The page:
In the middle of the night on 20 August last year, Gordon Robertson received a phone call from the Florida highway patrol. The officer had pulled over his brother, Bruce, who was disoriented and claimed he was coming to see him. “I’m thinking, that’s really odd: I had told him he was not allowed to come up here and visit until he got vaccinated,” said Gordon, 71, who lives in Longwood. “I asked him a dozen times, ‘Bruce, you gotta get this. You gotta get this.’ And he wouldn’t do it.”

How Florida’s ‘don’t say gay’ law could harm children’s mental health

Stella, 10, attends a private school in Atlanta, Georgia, and explains to friends that she has four moms. Two of them are the lesbian couple that adopted her. The other two are her birth parents, one of whom recently came out as a transgender woman. “I’m so grateful that [Stella] is somewhere that sees” the family “as what it is: her moms just love her”, said Kelsey Hanley, Stella’s birth mother, who lives in Kissimmee, Florida. But Hanley, 30, worries that children who have multiple moms or dads or are LGBTQ+ themselves won’t get the same acceptance in Florida.

New York City’s restaurant industry grapples with easing vaccine rules

Tyler Hollinger, owner of Festivál Cafe, a “farm-to-bar cocktail cafe” in New York City, said he recently started learning Brazilian jiu-jitsu because of physical altercations with visitors who are unvaccinated against Covid-19. The reason for the fights isn’t that Hollinger is a crusader for the city’s requirement that people show proof of vaccination to sit inside at bars and restaurants. In fact, Hollinger, who is vaccinated and boosted, has opposed the mandate since it was announced in August and now welcomes the plan to lift it.

A nonprofit says it collected over $1.5 million for a D.C.-region-bound truck convoy. Its director recently pleaded guilty to fraud.

At a rally point near the Big Texan Steak Ranch in Amarillo, Tex., as the wind whipped American flags atop an 18-wheeler behind her, a Southern California lawyer and anti-vaccine activist named Leigh Dundas exhorted a crowd to make donations. “We’re going to be doing a little altar call up here. A hundred percent of that cash is going back into the boys’ pockets for the next fuel stop,” Dundas told onlookers and live-stream viewers, encouraging them to give online to the “People’s Convoy,” a U.S.-based group of activists opposed to vaccine mandates and inspired by the self-styled “Freedom Convoy” that occupied Canada’s capital for weeks.

‘We are so tired’: US parents and doctors say kids under five left behind in Covid vaccine race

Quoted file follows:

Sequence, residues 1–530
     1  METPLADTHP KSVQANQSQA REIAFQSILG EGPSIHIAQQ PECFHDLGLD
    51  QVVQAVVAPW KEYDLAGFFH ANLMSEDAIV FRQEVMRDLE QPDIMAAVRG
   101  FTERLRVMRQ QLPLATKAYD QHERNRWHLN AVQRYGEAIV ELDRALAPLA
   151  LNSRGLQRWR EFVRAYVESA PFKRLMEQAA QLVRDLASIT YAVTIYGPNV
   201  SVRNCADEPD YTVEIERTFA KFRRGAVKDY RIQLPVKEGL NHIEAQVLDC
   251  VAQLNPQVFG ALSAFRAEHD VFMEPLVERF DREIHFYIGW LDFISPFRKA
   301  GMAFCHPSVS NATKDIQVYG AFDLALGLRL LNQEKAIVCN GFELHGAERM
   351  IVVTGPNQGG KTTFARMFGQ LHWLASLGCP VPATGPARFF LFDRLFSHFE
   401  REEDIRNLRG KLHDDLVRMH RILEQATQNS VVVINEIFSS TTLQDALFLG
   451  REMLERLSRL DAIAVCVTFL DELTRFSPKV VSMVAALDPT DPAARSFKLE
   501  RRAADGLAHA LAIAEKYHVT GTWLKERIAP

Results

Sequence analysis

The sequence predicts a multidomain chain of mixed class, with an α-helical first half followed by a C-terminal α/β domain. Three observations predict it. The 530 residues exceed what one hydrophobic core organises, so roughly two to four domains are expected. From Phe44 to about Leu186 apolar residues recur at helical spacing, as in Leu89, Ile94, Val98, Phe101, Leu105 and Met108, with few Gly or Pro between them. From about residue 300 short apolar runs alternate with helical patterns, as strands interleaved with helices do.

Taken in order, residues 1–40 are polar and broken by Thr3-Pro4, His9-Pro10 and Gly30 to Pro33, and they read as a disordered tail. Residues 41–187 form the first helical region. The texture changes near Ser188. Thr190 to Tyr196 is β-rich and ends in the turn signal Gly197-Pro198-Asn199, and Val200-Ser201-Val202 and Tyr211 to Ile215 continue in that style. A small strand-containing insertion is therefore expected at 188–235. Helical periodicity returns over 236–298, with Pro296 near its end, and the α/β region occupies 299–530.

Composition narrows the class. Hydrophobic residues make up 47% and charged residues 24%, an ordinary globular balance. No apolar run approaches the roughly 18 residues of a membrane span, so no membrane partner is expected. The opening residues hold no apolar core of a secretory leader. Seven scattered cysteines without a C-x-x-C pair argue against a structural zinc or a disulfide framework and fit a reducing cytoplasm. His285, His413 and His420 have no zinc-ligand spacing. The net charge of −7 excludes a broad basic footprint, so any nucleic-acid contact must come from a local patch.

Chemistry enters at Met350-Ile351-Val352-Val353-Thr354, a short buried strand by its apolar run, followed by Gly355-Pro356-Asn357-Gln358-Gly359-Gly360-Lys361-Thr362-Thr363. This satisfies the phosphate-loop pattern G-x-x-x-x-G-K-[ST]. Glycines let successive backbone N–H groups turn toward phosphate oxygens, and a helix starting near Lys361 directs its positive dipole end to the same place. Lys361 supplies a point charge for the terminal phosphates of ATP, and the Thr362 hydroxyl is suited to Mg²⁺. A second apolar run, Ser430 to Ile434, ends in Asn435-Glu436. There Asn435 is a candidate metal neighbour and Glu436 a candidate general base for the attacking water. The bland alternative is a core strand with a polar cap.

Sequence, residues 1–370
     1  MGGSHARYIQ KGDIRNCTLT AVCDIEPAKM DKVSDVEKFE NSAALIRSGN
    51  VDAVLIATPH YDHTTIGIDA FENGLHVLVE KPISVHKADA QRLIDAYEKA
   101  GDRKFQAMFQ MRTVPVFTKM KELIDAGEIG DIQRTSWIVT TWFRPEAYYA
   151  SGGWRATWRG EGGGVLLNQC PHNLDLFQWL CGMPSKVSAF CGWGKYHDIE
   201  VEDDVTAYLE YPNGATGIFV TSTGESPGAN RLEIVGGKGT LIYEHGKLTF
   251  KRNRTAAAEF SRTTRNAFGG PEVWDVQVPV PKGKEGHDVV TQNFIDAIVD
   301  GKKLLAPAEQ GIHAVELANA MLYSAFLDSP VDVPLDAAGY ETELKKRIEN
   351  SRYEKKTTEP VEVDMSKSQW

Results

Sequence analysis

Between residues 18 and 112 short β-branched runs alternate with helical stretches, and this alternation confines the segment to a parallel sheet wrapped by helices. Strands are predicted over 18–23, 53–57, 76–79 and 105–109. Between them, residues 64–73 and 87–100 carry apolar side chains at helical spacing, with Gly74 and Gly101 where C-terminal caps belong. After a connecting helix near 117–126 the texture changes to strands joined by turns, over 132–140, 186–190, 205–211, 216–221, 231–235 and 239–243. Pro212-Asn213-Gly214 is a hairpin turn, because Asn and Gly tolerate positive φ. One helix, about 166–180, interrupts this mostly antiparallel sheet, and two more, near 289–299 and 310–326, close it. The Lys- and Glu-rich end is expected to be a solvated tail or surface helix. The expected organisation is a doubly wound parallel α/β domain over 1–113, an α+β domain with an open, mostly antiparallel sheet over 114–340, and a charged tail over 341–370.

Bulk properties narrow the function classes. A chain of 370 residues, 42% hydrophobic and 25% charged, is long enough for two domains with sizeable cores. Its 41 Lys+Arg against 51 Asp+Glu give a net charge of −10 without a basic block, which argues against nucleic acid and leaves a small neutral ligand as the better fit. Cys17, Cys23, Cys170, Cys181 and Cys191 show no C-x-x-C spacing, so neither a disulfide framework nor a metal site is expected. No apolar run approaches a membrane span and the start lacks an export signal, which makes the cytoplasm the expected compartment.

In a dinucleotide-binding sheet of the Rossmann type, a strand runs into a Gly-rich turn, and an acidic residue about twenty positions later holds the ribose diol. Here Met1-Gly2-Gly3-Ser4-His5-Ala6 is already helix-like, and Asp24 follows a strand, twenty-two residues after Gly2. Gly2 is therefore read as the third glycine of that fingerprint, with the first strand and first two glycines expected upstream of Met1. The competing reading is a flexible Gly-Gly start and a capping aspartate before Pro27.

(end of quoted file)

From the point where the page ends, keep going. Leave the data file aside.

Four-year-old Joanna Gillikin likes to watch Ada Twist, Scientist, a Netflix children’s show about a young girl with a giant interest in science. So when Matthew Gillikin and his wife, Shannon, enrolled Joanna in a trial in Charlottesville, Virginia, for the Pfizer vaccine against Covid-19, they described it to her as a science experiment, like the ones Ada does. “Her mind was able to latch onto the fact that not only is she participating in something that could make her healthier, but also help make other people healthier,” said Matthew, a speech therapist. Many parents across the United States are eagerly waiting to see whether Joanna and other trial participants can help them.

With Vaccine Mandate Looming, Nursing Homes Face More Staffing Problems

Jamie Smith, a staffing agency nurse who loves end-of-life care, said she has been warmly welcomed by staffers and residents at Frontier Health & Rehabilitation in this conservative St. Louis suburb. That’s even though she has not been vaccinated against COVID-19. But leaders of the nursing home, where 22 residents died from COVID before vaccines were available, likely won’t be able to employ unvaccinated people like Smith for much longer.

‘There’s a lot of anxiety’: US grapples with Covid test shortage amid surge

As a history professor at Babson College in Wellesley, Massachusetts, Kevin Bruyneel had been tested for Covid-19 more than 100 times and typically waited less than 15 minutes for the free tests. So Bruyneel was upset when he went to get a PCR test at a clinic Sunday in Brooklyn, New York, and waited more than an hour after his scheduled appointment and was billed at least $100 – though he could owe more depending on what his insurance covers. “There were a lot of people in line, incredibly desperate to get tested because they were flying” for the holidays, said Bruyneel, who planned to fly to his native Vancouver, British Columbia, for Christmas. “There was a lot of anxiety.”